In front of me I have a neat eight-page booklet (10 if you count the last two, which can be folded, sealed and sent by – first-class – post). It is published by my local council – one of the consistently top performers in the country for efficiency and value-for-money – and it is called, with disarming simplicity, "How to complain".
The title is printed in another six languages, and on page 2 they offer to translate the whole thing into more languages if needed. On page 3 they tell you that it is also available in Braille, large print, audio tape and computer disk. Oh yes, and, at least in its English version, it is written in that slightly patronising, but at least comprehensible, brand of Plain English peculiar to authority.
All of which, you might think, shows a commendable openness to criticism. But does it really? I was handed said booklet with a conspicuously ill will, by someone who had had to ask a colleague whether complaints forms existed any more, before rooting around in a cupboard to find it.
In other words, you had to take the initiative, and make yourself unpopular by requesting it. It was not on display with the myriad leaflets about council services. It was the physical equivalent of being invited, at the end of a long list of telephone options, to "press 8" in the unlikely event that you might want to "make a complaint".
So why did I want to complain? Well, I didn't, not just like that. I had rung up a day earlier to find out how to change the car details on my husband's Disabled parking permit. It turned out that the information was incomplete, which meant a second visit to "One Stop Services". Having made a wasted visit, I wanted some assurance that the right information would be given out in future so that other people would not face two journeys.
In an ideal world, you could make that point, informally and in person, to the office manager concerned and be reasonably certain that something would be done. But I had no confidence that this would happen. The fact that one crucial document was missing on my first visit was greeted, I felt, with a triumphal sort of "Gotcha!" from a receptionist who seemed utterly indifferent to the information given out by phone.
The phone people were, naturally, another department. Do you know who you spoke to, I was asked. If service staff identified themselves by anything more than first names, you might have a chance of remembering, but of course they don't. They won't talk to you without soliciting all your details, down to date of birth and mother's maiden name. But theirs? Well, that's not "policy", is it?
So the relationship is unequal from the start. But that is less my point here than the way in which a complaint that starts out as little more than a helpful suggestion now has to be formalised and fed into a whole official process. My council leaflet goes directly from telling me how easy they want to make it for me to complain to explaining how to go through the "three-stage complaints procedure" and, if I am still not satisfied, how to approach the Local Government Ombudsman.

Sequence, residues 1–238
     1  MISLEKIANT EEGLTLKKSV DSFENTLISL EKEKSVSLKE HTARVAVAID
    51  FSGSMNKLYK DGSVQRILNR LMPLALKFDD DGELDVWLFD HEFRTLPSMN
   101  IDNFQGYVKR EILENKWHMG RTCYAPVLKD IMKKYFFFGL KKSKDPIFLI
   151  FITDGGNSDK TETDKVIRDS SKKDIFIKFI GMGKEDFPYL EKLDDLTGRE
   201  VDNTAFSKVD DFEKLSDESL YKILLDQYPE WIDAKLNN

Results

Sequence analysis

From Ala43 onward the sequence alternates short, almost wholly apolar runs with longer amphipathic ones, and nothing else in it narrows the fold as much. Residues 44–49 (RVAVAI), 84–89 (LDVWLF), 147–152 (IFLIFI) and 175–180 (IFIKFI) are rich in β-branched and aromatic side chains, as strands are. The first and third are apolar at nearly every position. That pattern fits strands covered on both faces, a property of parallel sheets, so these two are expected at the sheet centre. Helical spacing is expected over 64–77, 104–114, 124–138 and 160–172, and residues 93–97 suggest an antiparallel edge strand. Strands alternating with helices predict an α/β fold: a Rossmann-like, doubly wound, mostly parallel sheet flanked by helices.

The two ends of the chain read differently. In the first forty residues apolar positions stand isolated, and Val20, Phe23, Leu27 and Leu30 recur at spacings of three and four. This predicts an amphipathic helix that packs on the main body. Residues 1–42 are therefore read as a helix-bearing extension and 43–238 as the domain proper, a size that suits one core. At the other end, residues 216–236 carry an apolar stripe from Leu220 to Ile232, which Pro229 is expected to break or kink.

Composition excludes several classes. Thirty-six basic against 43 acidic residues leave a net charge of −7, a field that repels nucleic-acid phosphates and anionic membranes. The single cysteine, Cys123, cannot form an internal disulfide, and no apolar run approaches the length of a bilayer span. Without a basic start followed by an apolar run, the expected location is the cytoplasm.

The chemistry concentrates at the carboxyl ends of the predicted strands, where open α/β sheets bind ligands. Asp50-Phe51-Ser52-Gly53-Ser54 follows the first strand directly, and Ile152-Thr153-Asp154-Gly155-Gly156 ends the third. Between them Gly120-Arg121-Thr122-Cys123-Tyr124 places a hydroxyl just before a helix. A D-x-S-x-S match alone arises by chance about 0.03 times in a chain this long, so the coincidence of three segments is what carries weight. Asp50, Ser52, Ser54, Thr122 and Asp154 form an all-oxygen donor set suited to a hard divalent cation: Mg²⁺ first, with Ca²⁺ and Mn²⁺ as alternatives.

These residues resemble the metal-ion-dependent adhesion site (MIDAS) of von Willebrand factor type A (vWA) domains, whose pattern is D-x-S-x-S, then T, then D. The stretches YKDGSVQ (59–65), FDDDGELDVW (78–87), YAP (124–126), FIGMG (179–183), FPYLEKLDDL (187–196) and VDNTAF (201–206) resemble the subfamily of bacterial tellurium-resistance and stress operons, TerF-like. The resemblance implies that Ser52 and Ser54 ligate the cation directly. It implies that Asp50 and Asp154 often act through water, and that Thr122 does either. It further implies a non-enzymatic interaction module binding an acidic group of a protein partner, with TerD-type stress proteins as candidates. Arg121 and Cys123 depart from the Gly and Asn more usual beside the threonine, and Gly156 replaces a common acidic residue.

But that's really not what I, or – I suspect – most people with a relatively minor grouse, need. I just wanted them to care a bit more about the inconvenience that can be caused by inaccuracy; to show a bit more consideration. That's really not a matter for an ombudsman.
Excessive formalisation of the feedback process generally, but complaints in particular, is not unique to the public sector. It has spread everywhere like poison ivy, turning customer service into an "industry". My council even has a "corporate complaints team", paid for presumably by our taxes.
I wouldn't mind betting that the formalising trend has a lot to do with performance targets and bonuses. No one wants to take responsibility for a flaw, lest it reduce the reward. Such prickliness, though, prompts one to ask how open to criticism they really are.
Is the complaints process actually designed to encourage real feedback, or not? If people have to choose between a formal procedure and saying nothing, many will slink crossly back into their shells. The department or business concerned will have no inkling of how it is really regarded, until the customers stop buying or the big, formal complaints start to roll in.
There are plenty of websites out there, started by disgruntled customers, some of which are systematically monitored by the companies concerned. Why should a public service not maintain its own, public, feedback website or, for old-tech visitors, a responses book in the foyer. Not only would unhappy customers get their complaint off their chest, but those providing the service would instantly learn something they need to know.Reuse content